# How do you differentiate y=(x-y)^2/(x+y)?

Sep 25, 2017

Given: y=(x-y)^2/(x+y); x!=-y

Multiply both sides by $x + y$:

$x y + {y}^{2} = {\left(x - y\right)}^{2}$

Expand the square:

$x y + {y}^{2} = {x}^{2} - 2 x y + {y}^{2}$

Combine like terms:

$3 x y = {x}^{2}$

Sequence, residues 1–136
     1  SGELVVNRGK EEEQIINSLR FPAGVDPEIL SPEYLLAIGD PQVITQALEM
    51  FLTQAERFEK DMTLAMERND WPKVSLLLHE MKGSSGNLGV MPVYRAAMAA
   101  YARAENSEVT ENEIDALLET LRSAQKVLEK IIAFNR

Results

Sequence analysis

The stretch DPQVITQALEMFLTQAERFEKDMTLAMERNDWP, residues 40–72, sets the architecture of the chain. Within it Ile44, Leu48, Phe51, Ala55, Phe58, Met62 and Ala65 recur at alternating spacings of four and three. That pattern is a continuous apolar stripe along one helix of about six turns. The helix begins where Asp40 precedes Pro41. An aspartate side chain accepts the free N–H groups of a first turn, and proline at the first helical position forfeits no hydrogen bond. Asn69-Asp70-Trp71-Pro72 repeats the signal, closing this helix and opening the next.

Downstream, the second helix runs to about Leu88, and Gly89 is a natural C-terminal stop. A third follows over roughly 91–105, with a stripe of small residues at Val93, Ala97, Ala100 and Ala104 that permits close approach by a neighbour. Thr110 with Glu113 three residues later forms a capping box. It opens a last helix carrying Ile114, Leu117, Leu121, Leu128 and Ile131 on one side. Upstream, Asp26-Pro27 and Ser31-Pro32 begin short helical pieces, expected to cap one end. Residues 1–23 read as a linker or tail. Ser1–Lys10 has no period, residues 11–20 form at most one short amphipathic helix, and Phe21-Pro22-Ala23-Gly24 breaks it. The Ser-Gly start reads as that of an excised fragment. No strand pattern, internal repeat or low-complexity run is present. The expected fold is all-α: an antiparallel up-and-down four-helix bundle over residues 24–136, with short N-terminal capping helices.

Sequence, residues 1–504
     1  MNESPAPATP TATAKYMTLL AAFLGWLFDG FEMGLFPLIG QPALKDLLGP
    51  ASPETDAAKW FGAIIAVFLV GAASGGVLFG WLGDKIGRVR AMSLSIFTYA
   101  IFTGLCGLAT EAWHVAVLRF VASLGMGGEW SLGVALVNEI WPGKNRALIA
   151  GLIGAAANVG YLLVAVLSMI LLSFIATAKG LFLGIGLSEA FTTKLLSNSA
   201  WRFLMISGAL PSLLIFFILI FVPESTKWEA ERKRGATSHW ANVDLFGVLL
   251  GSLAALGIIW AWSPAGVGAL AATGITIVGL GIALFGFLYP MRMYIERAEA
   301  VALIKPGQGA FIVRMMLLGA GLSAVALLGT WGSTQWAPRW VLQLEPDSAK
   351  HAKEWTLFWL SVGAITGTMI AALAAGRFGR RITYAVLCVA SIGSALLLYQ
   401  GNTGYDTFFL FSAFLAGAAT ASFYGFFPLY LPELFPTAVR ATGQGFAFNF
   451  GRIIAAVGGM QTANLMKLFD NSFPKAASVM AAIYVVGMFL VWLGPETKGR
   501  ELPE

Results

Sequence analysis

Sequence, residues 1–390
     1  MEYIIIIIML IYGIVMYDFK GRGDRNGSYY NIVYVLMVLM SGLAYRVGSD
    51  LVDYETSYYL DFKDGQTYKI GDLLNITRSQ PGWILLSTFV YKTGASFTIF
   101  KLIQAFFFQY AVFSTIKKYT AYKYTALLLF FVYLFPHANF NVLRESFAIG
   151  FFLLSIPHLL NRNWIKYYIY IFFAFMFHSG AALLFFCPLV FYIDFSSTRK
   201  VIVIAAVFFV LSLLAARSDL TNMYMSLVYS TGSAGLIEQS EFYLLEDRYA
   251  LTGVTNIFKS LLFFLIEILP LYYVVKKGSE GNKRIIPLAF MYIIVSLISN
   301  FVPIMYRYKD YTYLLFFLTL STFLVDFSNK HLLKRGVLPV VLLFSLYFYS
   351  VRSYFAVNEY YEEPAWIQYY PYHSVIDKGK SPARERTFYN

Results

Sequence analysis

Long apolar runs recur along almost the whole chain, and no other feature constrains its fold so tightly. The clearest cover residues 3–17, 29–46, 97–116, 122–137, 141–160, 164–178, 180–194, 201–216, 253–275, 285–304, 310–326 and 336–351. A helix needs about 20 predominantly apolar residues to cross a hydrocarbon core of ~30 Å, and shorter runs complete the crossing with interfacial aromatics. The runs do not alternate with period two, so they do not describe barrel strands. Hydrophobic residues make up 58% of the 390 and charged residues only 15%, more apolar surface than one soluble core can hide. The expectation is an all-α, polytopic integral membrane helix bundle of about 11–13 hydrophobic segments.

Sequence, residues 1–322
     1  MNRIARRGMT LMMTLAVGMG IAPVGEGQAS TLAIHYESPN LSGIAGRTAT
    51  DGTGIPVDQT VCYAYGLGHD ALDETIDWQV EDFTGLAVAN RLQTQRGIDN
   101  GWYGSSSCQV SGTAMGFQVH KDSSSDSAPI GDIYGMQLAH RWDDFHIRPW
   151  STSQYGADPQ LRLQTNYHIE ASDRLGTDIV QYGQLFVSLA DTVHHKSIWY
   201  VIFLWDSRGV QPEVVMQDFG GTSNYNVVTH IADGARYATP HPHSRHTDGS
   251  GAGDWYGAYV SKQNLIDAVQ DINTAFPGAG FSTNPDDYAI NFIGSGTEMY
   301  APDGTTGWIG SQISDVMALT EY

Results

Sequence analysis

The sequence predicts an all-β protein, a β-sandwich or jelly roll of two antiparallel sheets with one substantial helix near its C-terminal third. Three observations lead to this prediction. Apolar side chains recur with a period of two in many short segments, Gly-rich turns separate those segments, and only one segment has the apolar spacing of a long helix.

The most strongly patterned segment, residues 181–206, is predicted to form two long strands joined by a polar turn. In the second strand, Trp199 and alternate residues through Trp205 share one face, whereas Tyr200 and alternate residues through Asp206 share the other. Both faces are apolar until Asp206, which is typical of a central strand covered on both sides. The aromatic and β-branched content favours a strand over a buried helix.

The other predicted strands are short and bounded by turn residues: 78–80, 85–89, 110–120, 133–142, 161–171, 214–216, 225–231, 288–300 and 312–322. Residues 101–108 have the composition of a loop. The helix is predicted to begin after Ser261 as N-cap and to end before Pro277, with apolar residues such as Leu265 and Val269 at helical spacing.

Divide both sides by $3 x$:

$y = \frac{1}{3} x$

$\frac{\mathrm{dy}}{\mathrm{dx}} = \frac{1}{3}$

If you do not believe the result, here is a graph of $y = {\left(x - y\right)}^{2} / \left(x + y\right)$ to prove that is merely a line with a slope of $\frac{1}{3}$: